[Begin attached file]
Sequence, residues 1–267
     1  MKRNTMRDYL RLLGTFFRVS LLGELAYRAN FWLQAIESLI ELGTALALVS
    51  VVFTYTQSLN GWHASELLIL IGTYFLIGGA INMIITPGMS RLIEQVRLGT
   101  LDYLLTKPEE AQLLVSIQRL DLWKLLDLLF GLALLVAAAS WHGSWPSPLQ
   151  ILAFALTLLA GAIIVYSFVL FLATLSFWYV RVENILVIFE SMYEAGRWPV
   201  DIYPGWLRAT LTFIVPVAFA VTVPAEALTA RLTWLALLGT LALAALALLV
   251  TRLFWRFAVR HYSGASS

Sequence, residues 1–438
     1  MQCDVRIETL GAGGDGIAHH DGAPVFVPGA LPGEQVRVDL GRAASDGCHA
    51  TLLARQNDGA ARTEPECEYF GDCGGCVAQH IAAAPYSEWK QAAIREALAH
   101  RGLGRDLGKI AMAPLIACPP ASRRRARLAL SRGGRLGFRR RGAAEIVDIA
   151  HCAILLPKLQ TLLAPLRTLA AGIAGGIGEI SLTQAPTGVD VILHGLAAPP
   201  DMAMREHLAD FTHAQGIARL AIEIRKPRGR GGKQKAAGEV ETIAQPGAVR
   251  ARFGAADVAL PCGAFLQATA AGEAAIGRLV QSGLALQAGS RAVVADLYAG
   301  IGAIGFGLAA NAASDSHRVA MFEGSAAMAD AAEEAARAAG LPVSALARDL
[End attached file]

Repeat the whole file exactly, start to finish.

Sequence, residues 1–267
     1  MKRNTMRDYL RLLGTFFRVS LLGELAYRAN FWLQAIESLI ELGTALALVS
    51  VVFTYTQSLN GWHASELLIL IGTYFLIGGA INMIITPGMS RLIEQVRLGT
   101  LDYLLTKPEE AQLLVSIQRL DLWKLLDLLF GLALLVAAAS WHGSWPSPLQ
   151  ILAFALTLLA GAIIVYSFVL FLATLSFWYV RVENILVIFE SMYEAGRWPV
   201  DIYPGWLRAT LTFIVPVAFA VTVPAEALTA RLTWLALLGT LALAALALLV
   251  TRLFWRFAVR HYSGASS

Sequence, residues 1–438
     1  MQCDVRIETL GAGGDGIAHH DGAPVFVPGA LPGEQVRVDL GRAASDGCHA
    51  TLLARQNDGA ARTEPECEYF GDCGGCVAQH IAAAPYSEWK QAAIREALAH
   101  RGLGRDLGKI AMAPLIACPP ASRRRARLAL SRGGRLGFRR RGAAEIVDIA
   151  HCAILLPKLQ TLLAPLRTLA AGIAGGIGEI SLTQAPTGVD VILHGLAAPP
   201  DMAMREHLAD FTHAQGIARL AIEIRKPRGR GGKQKAAGEV ETIAQPGAVR
   251  ARFGAADVAL PCGAFLQATA AGEAAIGRLV QSGLALQAGS RAVVADLYAG
   301  IGAIGFGLAA NAASDSHRVA MFEGSAAMAD AAEEAARAAG LPVSALARDL